Islwyn MP Chris Evans gives warning over council shake-up
WALES is talking constantly about constitutional issues people don’t care about, a Valleys MP has warned.
Labour Islwyn MP Chris Evans has suggested the Welsh Government is too focused over how Wales is governed, and that the constitutional chatter will turn Wales inward in a time of increasing globalisation.
His comments to the Argus come after the Williams Commission proposed reducing the number of local authorities in Gwent from five to two.
In an interview with the Argus Mr Evans said he agreed with the concerns of Torfaen MP Paul Murphy that council shake-ups prove costly.
He said: “We have to ask ourselves as Paul did, is this the best use of our money?
“Would that money better suited on job creation programmes rather than reorganisation?”
He said Wales gets bogged down in constitutional issues.
“This has been the frustration I’ve had – we talk constantly about constitutional things rather than the real bread and butter issues which are concerning people day to day,” he said.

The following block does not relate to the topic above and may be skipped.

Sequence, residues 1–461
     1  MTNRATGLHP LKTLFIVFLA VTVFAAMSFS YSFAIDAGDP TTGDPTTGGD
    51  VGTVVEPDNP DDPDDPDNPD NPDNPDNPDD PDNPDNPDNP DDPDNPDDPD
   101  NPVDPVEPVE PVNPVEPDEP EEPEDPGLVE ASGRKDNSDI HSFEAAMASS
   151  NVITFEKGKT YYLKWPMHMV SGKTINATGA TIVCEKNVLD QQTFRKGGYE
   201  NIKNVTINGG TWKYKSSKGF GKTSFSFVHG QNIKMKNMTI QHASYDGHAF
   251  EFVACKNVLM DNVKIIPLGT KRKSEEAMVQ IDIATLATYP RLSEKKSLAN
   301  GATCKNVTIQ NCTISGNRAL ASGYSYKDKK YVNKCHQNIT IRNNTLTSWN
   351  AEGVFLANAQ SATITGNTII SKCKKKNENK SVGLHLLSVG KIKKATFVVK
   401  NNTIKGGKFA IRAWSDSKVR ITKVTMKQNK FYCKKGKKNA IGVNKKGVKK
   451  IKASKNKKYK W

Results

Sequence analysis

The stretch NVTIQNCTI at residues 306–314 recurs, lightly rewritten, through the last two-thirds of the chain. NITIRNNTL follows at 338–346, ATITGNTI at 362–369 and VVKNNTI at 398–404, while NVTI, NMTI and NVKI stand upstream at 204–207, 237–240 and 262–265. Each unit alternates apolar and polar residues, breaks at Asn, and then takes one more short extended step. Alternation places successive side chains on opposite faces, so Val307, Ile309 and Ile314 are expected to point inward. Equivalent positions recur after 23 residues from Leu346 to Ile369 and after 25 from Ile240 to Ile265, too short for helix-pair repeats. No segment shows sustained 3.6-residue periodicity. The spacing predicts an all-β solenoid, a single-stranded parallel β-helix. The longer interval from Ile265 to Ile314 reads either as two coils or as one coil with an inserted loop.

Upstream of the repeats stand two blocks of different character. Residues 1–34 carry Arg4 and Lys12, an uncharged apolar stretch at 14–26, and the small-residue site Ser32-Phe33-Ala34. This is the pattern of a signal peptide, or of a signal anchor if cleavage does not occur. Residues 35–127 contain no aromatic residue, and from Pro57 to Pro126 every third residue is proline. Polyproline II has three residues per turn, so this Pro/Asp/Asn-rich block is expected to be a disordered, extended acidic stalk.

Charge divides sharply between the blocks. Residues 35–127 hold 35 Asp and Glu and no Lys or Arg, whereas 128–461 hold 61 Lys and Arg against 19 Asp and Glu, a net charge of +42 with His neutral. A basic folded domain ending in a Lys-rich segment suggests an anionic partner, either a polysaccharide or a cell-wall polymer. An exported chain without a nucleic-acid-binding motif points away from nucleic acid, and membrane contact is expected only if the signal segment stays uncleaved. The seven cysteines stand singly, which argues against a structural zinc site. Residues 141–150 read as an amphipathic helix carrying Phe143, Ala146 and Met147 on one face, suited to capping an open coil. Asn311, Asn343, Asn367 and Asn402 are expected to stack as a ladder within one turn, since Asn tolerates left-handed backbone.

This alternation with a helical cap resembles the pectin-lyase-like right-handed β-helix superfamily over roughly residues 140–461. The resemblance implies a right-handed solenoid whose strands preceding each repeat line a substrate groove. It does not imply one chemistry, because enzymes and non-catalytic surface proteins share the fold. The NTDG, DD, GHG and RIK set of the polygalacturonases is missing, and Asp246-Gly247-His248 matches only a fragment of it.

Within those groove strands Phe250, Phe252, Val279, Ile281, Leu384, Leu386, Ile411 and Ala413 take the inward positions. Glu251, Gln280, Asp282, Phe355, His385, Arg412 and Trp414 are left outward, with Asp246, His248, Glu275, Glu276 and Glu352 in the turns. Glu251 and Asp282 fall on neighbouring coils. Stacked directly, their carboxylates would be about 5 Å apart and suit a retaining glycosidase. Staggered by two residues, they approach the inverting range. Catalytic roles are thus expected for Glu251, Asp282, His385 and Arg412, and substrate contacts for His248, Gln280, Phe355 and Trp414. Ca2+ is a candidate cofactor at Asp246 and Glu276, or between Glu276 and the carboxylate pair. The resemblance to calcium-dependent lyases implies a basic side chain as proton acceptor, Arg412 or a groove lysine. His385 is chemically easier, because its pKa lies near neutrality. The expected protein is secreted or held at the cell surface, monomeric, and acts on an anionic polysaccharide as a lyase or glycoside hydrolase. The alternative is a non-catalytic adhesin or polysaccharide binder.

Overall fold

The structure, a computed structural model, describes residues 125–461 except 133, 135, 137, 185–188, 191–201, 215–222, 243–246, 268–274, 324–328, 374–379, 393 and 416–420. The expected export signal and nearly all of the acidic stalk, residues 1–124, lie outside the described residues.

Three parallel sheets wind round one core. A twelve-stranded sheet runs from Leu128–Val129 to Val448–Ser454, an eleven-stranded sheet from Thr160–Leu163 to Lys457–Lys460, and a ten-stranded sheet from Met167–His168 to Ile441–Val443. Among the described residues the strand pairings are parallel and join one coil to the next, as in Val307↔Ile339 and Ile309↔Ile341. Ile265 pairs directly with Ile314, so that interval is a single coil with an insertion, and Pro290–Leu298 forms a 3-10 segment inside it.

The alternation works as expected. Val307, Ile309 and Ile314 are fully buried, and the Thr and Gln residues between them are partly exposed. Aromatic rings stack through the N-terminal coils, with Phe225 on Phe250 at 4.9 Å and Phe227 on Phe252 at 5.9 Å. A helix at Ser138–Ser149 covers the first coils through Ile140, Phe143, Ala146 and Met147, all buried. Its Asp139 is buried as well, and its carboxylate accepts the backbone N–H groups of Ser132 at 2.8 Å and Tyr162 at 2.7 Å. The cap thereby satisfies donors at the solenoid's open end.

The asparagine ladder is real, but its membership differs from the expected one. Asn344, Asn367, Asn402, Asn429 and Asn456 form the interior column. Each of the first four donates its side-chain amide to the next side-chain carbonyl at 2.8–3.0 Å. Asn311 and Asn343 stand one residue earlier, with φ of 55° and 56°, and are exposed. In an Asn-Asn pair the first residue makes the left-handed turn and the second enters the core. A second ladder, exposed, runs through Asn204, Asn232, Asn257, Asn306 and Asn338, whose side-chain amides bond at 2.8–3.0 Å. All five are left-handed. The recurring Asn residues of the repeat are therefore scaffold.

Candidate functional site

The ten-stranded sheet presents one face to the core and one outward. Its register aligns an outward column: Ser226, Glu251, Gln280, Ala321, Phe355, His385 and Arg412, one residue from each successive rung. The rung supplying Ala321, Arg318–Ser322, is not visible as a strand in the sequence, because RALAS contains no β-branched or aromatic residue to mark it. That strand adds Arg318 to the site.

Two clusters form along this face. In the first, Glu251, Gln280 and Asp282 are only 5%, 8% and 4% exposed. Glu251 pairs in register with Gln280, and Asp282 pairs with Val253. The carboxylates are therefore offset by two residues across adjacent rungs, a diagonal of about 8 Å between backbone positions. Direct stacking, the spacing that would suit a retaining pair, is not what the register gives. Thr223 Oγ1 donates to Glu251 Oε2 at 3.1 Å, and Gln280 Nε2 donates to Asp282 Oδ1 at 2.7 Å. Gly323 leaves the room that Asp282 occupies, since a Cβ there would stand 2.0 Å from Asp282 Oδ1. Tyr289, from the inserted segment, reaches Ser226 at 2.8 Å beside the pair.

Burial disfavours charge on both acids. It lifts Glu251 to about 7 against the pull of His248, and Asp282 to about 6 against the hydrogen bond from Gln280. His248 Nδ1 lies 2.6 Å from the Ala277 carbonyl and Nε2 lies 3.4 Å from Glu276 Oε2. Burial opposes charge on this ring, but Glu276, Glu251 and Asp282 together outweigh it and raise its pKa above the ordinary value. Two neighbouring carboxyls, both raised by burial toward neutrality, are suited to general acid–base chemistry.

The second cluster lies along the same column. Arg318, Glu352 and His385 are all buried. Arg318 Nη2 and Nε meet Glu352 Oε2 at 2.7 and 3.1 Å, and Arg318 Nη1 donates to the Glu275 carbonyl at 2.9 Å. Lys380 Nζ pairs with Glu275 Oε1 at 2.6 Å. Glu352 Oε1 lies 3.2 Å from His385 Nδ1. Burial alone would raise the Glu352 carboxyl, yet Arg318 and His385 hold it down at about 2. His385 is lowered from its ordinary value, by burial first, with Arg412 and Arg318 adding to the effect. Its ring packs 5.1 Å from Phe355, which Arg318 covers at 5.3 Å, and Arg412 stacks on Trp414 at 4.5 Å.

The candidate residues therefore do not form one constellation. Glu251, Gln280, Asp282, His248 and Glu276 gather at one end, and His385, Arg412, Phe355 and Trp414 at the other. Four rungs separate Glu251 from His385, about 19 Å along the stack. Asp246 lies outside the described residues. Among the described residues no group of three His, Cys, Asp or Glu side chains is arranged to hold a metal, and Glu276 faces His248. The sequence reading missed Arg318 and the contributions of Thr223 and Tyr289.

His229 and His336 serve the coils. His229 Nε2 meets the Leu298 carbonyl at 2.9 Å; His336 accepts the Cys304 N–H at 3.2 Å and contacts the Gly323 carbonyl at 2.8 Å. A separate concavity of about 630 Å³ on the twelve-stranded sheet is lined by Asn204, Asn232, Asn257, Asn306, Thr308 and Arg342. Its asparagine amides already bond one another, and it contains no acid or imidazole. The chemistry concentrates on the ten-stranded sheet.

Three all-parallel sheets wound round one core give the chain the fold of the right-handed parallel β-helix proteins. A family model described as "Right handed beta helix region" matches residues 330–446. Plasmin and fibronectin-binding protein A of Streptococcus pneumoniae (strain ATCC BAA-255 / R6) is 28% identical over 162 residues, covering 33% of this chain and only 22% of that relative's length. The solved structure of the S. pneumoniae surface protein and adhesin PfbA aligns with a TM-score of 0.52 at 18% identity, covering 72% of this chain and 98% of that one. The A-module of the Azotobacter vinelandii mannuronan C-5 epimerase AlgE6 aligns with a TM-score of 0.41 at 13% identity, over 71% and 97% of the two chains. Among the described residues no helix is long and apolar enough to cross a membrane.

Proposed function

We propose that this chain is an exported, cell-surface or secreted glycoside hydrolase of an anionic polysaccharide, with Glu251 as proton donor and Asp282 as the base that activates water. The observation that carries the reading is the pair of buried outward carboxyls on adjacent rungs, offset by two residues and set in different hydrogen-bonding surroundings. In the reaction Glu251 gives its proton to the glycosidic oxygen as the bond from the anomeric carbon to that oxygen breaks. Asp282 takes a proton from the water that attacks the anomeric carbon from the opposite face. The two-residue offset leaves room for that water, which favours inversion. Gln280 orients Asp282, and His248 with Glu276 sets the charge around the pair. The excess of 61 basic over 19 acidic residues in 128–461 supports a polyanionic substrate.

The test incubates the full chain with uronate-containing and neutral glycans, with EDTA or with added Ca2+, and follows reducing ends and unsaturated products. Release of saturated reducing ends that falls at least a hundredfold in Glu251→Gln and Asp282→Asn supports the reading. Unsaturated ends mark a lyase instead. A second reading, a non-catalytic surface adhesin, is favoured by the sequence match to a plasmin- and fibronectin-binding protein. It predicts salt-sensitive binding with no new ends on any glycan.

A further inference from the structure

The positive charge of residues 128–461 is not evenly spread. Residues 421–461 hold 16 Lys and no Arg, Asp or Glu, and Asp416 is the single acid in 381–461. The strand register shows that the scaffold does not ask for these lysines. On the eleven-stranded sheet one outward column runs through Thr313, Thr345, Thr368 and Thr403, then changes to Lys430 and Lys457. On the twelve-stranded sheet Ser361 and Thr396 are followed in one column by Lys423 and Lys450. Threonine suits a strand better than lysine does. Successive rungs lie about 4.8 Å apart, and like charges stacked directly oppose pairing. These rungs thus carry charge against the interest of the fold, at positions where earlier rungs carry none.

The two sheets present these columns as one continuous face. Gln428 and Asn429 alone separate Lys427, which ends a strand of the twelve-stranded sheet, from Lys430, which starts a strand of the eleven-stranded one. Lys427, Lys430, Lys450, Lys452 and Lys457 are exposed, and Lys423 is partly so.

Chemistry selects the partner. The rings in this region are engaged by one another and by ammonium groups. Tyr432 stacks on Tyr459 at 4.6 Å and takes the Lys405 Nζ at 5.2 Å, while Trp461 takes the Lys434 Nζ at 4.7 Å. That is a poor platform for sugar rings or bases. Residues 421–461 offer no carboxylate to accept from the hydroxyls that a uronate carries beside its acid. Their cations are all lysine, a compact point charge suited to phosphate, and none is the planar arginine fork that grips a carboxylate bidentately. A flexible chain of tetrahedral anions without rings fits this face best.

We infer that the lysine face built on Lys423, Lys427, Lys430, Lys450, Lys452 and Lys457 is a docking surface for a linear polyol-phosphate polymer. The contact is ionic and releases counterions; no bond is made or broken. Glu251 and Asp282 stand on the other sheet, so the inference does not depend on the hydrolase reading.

He suggested money that could be spent on a possible future referendum on income tax would be better spent on health and education.
“We need to get back down to something which Otto von Bismarck called years ago Realpolitik – the Realpolitik here is the cost of living,” Mr Evans said.
The Argus asked if he thought the focus on constitutional issues in Cardiff Bay has meant that the Welsh Government has lost its focus on education and health.
“There’s too much focus on constitutional issues,” he said. “The vast majority writing to me are writing about health, education and transportation issues.
“They are not writing to me about the Silk Commission or the Barnett formula.”
Mr Evans warned that “globalisation is not going to stop suddenly because we’ve got extra powers”. “We can be inward, we can be closed or we can be open,” he said.
“I think when we talk about constitutions we turn inward.”
Meanwhile, Blaenau Gwent leader Hedley McCarthy told followers on Facebook that a council reorganisation could hit morale as services jockey for position.
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